Article Three of the United States Constitution says “the Supreme Court, whose function is to interpret the constitution” has also made it clear that are secular government. Tolerant of religious diversity. Also the Supreme Court has forbidden sanction of such beliefs and practices from the government. This has denied religious instruction of bible readings, prayers and other religious things from in government public schools. Such readings would be appropriate in a nation under god, not in a constitutional democracy such as ours.
Another thing we should look at is in the “Bill of Rights” in the first amendment says “ Congress shall make no law respecting an establishment of religion or prohibiting the free exercise” Saying that government should respect religion, so by saying that everyone who attends school has to recite the Pledge of Allegiance, would be unconstitutional for the people who may not religious believe in god.
Another thing we should look at is the “Establishment Clause”(Bill of Rights), the debate deals with three different and major issues; Bible reading in public schools, aid to religious or parochial schools and religious displays on public property. The government’s Supreme Court established it to develop a “ Wall of Separation” between church and schools.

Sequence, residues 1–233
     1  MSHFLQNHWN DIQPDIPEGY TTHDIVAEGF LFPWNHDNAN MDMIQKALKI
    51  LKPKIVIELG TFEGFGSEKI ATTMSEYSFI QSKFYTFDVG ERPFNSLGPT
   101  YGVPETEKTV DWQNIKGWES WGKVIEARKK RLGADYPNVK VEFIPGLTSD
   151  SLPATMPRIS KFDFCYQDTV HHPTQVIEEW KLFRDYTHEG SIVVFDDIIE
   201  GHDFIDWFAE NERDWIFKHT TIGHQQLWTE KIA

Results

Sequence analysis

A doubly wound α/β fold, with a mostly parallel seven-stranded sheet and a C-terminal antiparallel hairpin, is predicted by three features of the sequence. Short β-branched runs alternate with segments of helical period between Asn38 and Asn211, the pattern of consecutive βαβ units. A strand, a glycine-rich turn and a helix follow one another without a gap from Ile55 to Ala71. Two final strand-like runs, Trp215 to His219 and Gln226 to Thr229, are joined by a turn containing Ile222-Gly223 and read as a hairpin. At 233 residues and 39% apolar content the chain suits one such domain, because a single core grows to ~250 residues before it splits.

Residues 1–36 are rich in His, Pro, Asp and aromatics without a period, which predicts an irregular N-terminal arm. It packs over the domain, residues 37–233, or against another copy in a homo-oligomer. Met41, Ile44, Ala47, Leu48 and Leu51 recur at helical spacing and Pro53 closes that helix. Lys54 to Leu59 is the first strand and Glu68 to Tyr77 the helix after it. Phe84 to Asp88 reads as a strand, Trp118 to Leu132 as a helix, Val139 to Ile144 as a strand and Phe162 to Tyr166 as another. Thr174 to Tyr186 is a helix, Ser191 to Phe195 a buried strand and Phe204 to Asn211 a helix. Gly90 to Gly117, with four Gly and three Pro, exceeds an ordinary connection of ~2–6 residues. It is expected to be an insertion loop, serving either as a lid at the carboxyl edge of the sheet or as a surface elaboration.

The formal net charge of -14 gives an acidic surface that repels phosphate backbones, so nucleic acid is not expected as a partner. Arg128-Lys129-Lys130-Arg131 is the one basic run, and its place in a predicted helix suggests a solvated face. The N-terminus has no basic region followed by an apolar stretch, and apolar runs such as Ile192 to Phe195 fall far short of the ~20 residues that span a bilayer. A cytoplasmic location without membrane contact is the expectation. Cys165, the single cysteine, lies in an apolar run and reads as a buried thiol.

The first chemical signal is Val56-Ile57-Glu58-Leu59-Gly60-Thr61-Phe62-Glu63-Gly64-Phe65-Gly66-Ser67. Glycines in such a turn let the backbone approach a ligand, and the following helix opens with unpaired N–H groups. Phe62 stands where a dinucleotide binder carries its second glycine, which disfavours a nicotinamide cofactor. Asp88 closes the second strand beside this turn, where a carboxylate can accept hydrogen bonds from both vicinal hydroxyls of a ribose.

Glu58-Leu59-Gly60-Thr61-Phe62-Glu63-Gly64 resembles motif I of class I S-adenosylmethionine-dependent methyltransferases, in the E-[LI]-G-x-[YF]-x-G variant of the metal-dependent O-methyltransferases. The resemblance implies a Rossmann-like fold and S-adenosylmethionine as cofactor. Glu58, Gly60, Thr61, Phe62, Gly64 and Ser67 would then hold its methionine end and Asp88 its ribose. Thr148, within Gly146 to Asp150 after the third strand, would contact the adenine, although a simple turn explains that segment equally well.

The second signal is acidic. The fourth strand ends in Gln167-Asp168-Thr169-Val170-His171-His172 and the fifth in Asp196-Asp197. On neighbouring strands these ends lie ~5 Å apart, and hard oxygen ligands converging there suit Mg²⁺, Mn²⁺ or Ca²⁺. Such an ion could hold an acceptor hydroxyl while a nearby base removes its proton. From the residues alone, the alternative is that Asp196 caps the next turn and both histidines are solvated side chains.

We also can compare it to the controversy in 1962 in the Supreme Court. The case “Engel vs. Vitale”, dealt with the establishment clause. The New York State Board of Regents approved prayer. The court decision ruled the prayer also to be unconstitutional because a prayer is a form of religious practice. Practice of any type of religion in public schools is not allowed on school property. To authorize a period of silence for meditation or voluntary prayer and to teach the theory of evolution or biblical creationism as a science is also unconstitutional. In the Pledge of Allegiance case, it is similar to the Engel v. Vitale in which both cases deal with religious outlooks that are unconstitutional to the United States Constitution.
Now after reading this essay you should get my understanding on why the phrase “under god” should be eliminated from the pledge of Allegiance. It is very unconstitutional, and doesn’t do anything to help America. Living in America we have the right to freedom to believe in any kind of religion. The pledge of Allegiance will still remain the same, but it will be equal and free to every American citizen.
History of the Pledge of Allegiance, By John W. Baer
The Federalist Papers By Alexander Hamilton, James Madison , John Jay, Rossiter, Charles R. Kelser / Editor Mass Market Paperback
Newsweek Magazine, Issue July 8, 2002 “ One nation under god” pages 23-25
American Government/ Walter E. Volkomer: with the editorial assistance of Carolyn D. Smith- 9th edition pg 294-298
The United States Constitution and the Bill of Rights